I volunteered through IVHQ as part of my internship program through my university. IVHQ was super helpful and understanding of that and made it easy for em to complete my internship 'homework' through my trip. I had the most amazing time of my life in Ghana, Africa. Someone through IVHQ was always a phone call away and I always felt safe at my location. My experience was nothing more than perfect and I am so glad I chose to go through IVHQ. They were super helpful with ANY questions I had or any other volunteers and were extremely gracious to help us out with traveling on weekends. I was thankful for the program I got placed in with a host family and I thought it was nice that you could request which placement you wanted (I heard of some through friends) and you could request to change/switch programs at anytime. They made things so easy for us. I cannot wait to go back to Africa!!!

Program: TEFL
Location: Africa
Posted: Sep 22, 2014
Overall:
10
Support:
9
Value:
10

Comments

Hi Jenny, We can’t wait to have you back!! Thank you for sharing your thoughts about your experience with IVHQ and volunteering abroad in Ghana. It is great to hear that you felt supported by IVHQ both before and during your volunteer experience in Ghana.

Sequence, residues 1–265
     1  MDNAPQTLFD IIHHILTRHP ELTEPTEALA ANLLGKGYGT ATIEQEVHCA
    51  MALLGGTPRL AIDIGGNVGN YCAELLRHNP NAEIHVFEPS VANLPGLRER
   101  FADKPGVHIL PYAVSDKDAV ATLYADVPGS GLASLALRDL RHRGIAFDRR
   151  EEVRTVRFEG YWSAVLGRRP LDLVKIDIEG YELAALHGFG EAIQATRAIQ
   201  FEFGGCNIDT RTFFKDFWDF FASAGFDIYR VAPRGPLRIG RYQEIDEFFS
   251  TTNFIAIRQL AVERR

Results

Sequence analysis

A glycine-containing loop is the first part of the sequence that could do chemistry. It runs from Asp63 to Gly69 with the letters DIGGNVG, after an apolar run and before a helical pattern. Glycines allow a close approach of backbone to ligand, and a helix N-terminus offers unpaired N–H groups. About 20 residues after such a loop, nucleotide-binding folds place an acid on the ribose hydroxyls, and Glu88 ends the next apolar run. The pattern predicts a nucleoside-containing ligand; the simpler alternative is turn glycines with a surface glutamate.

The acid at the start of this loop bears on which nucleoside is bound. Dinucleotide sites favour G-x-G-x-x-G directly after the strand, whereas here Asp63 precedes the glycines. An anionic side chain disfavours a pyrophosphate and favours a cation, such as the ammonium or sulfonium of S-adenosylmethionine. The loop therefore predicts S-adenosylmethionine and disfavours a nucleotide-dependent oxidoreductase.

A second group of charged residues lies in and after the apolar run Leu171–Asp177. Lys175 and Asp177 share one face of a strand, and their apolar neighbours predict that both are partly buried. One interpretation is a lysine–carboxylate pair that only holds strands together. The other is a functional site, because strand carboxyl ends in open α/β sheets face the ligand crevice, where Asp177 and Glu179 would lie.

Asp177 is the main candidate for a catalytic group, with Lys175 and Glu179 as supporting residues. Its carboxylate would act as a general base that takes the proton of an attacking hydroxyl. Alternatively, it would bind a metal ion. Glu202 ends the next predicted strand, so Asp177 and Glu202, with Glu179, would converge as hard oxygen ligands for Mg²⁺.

African Impact

In the summer of 2012 I volunteered in Livingstone, Zambia as a Teaching & Community Development volunteer. I had always been an avid supporter of non-profits, particularly those focused on the fundamental human rights of access to water, hygiene, health and sanitation. But fundraising alone just wasn’t enough. Money, whilst essential for emergency relief, doesn’t always get to the root of the issue in driving sustainable change. I needed to roll up my own sleeves and put my own two hands to work.

Waddling off with the world’s heaviest backpack drowning my frame, I started the epic journey from Manchester to Livingstone. I pictured what was ahead, excited yet nervous to experience first-hand a world so unlike my own. But nothing could prepare me for the experiences I was about to have, the deep friendships I would form, and the profound and pervasive impact on my outlook on life that was round the corner.

Arriving at the volunteer camp, I was physically exhausted from travel but mentally impassioned with adrenaline running through my veins. I was led to my dorm where I dropped my bag and sat on my bunk. I took a moment to reflect on my surroundings, and the stark contrast from my bedroom at home. Hard floors, basic beds, and a single shelf for my belongings. Here, necessity trumped luxury; western materialistic tendencies replaced by practicality. Setting the tone for the weeks to come, I felt comforted by the modest environment before heading out to meet with the other volunteers.